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Extracorporeal Cardiopulmonary Resuscitation (ECPR) Survival: A Quaternary Center Analysis
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  • Lucas Marinacci,
  • Nino Mihatov,
  • David D'Alessandro,
  • Mauricio Villavicencio,
  • Nathali Roy,
  • Yuval Raz,
  • Sunu Thomas
Lucas Marinacci
Massachusetts General Hospital

Corresponding Author:[email protected]

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Nino Mihatov
NewYork-Presbyterian/Columbia University Medical Center
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David D'Alessandro
Massachusetts General Hospital
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Mauricio Villavicencio
Massachusetts General Hospital
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Nathali Roy
Boston Children's Hospital
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Yuval Raz
Massachusetts General Hospital
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Sunu Thomas
Massachusetts General Hospital
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Background: Extracorporeal cardiopulmonary resuscitation (ECPR) has emerged as a rescue strategy for non-responders to conventional CPR (CCPR) in cardiac arrest. Definitive guidelines for ECPR deployment do not exist. Prior studies suggest that arrest rhythm and cardiac origin of arrest may be variables used to assess candidacy for ECPR. Aim: To describe a single center experience with ECPR and to assess associations between survival and physician-adjudicated origin of arrest and arrest rhythm. Methods: A retrospective review of all patients who underwent ECPR at a quaternary care center over a 7-year period was performed. Demographic and clinical characteristics were extracted from the medical record and used to adjudicate origin of cardiac arrest, etiology, rhythm, survival, and outcomes. Univariate analysis was performed to determine association of patient and arrest characteristics with survival. Results: Between 2010 and 2017, 47 cardiac arrest patients were initiated on extracorporeal membrane oxygenation (ECMO) at the time of active CPR. ECPR patient survival to hospital discharge was 25.5% (n=12). Twenty-six patients died on ECMO (55.3%) while 9 patients (19.1%) survived decannulation but died prior to discharge. Neither physician-adjudicated arrest rhythm nor underlying origin were significantly associated with survival to discharge, either alone or in combination. Younger age was significantly associated with survival. Nearly all survivors experienced myocardial recovery and left the hospital with a good neurological status. Conclusions: Arrest rhythm and etiology may be insufficient predictors of survival in ECPR utilization. Further multi-institutional studies are needed to determine evidenced based criteria for ECPR deployment.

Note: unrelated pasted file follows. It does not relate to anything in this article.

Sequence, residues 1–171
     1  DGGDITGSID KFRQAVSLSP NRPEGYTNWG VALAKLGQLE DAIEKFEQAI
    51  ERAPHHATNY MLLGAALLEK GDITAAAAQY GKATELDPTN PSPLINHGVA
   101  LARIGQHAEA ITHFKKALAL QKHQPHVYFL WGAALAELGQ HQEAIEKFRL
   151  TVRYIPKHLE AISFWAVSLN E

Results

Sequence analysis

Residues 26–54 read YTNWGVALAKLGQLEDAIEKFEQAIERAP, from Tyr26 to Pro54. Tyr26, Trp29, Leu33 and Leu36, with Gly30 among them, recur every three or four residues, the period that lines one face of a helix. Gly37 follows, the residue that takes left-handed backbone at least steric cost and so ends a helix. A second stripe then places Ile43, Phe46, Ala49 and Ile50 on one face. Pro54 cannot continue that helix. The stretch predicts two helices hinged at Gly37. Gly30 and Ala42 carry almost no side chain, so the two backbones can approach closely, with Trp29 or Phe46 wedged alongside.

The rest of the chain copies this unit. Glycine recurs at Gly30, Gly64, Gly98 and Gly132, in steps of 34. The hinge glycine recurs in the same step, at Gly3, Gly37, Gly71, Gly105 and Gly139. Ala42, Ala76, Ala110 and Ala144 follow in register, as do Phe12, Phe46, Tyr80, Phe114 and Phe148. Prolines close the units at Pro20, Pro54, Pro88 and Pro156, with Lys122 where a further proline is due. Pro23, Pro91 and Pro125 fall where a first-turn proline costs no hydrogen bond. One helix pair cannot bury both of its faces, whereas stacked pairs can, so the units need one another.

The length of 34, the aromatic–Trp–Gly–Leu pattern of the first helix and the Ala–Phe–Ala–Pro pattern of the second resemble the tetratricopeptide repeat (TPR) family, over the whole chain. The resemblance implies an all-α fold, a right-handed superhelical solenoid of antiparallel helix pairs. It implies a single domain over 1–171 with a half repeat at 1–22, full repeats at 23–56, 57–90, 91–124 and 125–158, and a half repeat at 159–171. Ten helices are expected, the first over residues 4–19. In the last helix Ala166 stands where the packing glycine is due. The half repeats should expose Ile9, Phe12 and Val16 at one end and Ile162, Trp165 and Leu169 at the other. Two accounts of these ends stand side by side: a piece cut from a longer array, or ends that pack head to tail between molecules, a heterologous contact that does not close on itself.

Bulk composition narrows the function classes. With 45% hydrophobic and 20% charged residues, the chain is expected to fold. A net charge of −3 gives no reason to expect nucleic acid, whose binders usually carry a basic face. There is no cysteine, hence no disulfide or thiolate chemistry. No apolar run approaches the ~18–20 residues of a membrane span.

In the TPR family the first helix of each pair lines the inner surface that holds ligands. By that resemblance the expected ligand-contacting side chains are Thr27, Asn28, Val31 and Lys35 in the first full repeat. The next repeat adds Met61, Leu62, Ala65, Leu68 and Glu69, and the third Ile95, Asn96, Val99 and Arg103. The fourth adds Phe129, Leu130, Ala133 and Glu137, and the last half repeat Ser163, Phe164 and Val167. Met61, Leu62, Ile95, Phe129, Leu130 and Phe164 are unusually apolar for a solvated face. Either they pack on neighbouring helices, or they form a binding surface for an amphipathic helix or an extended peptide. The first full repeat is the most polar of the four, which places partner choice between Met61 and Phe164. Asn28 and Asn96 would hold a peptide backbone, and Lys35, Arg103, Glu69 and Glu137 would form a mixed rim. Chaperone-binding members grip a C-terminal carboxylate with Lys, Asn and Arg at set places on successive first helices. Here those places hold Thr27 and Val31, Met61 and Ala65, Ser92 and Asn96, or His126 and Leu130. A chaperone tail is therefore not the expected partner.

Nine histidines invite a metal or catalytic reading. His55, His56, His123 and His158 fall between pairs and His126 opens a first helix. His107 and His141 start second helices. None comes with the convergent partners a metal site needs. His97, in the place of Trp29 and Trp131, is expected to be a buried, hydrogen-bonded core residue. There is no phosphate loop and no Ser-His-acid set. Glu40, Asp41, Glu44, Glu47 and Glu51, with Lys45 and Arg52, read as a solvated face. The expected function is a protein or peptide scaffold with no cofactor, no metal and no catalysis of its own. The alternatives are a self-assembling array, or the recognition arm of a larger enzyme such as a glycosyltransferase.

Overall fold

10 Feb 2021Submitted to Journal of Cardiac Surgery
11 Feb 2021Submission Checks Completed
11 Feb 2021Assigned to Editor
11 Feb 2021Reviewer(s) Assigned
14 Feb 2021Review(s) Completed, Editorial Evaluation Pending
15 Feb 2021Editorial Decision: Revise Major
08 Mar 20211st Revision Received
09 Mar 2021Submission Checks Completed
09 Mar 2021Assigned to Editor
09 Mar 2021Reviewer(s) Assigned
22 Mar 2021Review(s) Completed, Editorial Evaluation Pending
22 Mar 2021Editorial Decision: Accept
Jul 2021Published in Journal of Cardiac Surgery volume 36 issue 7 on pages 2300-2307. 10.1111/jocs.15550